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The Dentapist

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Your teeth can say a lot about you.

By first grade, all of my baby teeth had already been replaced by adult ones. My dentist told me I had a mature mouth. By fifth grade, when most kids were first getting their braces on, I was getting mine off. I was given two retainers to keep my teeth in place: One clear with sparkles; the other pink.

Perhaps my mature mouth symbolized a readiness for the world, and a mature demeanor that manifested itself in my social and academic life. As a kid, I was surprisingly level-headed and goal-oriented. I knew what I wanted (college), and I was 100 percent motivated to get there. I remained steadfast in my determination to achieve my dreams, just as my teeth remained steadfast with the help of my retainers that I so diligently wore every night.

When I got my college acceptance letter, my life's ambition had been realized. My new goal was now simply to graduate. Short-sighted as it was, I felt certain that post-graduation was a vortex that would suck me into a wormhole of opportunity without much effort, or planning, on my part.

After college, however, I was faced with the rude awakening that this vortex was not the cornucopia of dreams that I was hoping for, but instead was a black hole of nothingness. This left me overwhelmed and wanting to take a backseat to life, but after awhile I, like my unmoving retainer-bound teeth, had become stagnant.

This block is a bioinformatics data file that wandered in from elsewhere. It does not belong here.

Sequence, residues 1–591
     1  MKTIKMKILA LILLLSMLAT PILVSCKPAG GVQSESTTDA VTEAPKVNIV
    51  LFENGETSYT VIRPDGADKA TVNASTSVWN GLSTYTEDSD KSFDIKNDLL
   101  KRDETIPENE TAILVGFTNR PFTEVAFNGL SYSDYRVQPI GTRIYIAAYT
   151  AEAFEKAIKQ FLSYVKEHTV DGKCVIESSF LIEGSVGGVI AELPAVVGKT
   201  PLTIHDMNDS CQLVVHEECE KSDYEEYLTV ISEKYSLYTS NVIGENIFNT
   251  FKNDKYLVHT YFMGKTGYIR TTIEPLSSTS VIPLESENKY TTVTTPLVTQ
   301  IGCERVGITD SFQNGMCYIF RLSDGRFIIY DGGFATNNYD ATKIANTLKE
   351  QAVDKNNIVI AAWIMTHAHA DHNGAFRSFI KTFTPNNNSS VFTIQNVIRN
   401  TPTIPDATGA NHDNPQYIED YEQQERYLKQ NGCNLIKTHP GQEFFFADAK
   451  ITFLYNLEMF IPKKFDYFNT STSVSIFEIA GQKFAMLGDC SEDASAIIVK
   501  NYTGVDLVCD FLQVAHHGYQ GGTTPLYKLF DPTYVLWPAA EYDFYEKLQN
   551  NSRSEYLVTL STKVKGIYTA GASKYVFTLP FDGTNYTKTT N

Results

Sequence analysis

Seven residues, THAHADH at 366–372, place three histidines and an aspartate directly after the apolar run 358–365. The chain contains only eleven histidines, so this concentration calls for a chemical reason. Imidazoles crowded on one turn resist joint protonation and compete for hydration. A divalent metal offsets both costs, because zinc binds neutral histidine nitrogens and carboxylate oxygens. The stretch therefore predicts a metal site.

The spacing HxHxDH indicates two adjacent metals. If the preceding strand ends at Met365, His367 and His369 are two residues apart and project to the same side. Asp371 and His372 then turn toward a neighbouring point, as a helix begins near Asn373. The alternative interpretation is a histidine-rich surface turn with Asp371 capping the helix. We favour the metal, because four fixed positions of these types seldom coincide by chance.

Then I lost my retainers.

Without my retainers, I began to furiously grind my teeth while sleeping. My once perfect teeth were regressing to a state of deterioration, and I knew I had to see the dentist to sort things out.

I had no idea that this dentist appointment would be the one to rule them all.

The hygienist comes in and starts to clean my teeth like always. While I feel generally neutral towards my dentist, I have a special kind of hatred for this particular hygienist.

She is your typical plastic LA female nightmare in her 50s who is "not like a regular mom," but an "I'm a cool mom," kinda gal. She happens to have a daughter who is exactly my age, and is exactly more successful than I.

"My daughter is doing blah blah blah and this blah blah blah label picked her up, and she has a blah blah blah record coming out. Oh! Here is a picture of her (she's hot). Dating a producer... blah blah blah. So, what have you been up to lately?"

Mouth full of fluoride, I say, "I jusss, I.....ugh...I onno...Imma sti...figgurin it owt?"

Her eyes flash in pure satisfaction.

As saliva is being suctioned from my mouth, I stare at the ceiling poster with the blue sky and clouds that reads, "Reach for your Dreams; The Sky is the Limit," and think, Can everyone, please shut up? How did I get here? I used to be ahead of the game. So motivated, determined and mature. I mean, I lost all my baby teeth in first grade!

The hygienist purses her lips and smiles, and only when she feels sufficiently reassured that her daughter is, in fact, better than me in every way, she tells me the cleaning is done. By the time the dentist comes in, I am defeated and broken.

I say "ahhh," and the dentist pokes metal things in my mouth.

It hurts, but not as much as my pride hurts.

He says, "You grind your teeth."

I say, "Ya... I know."

The man looks deep into my soul and says, "Grinding is usually a sign of stress or anxiety. Your teeth are much more damaged than they should be for someone your age. Do you want to talk about it?"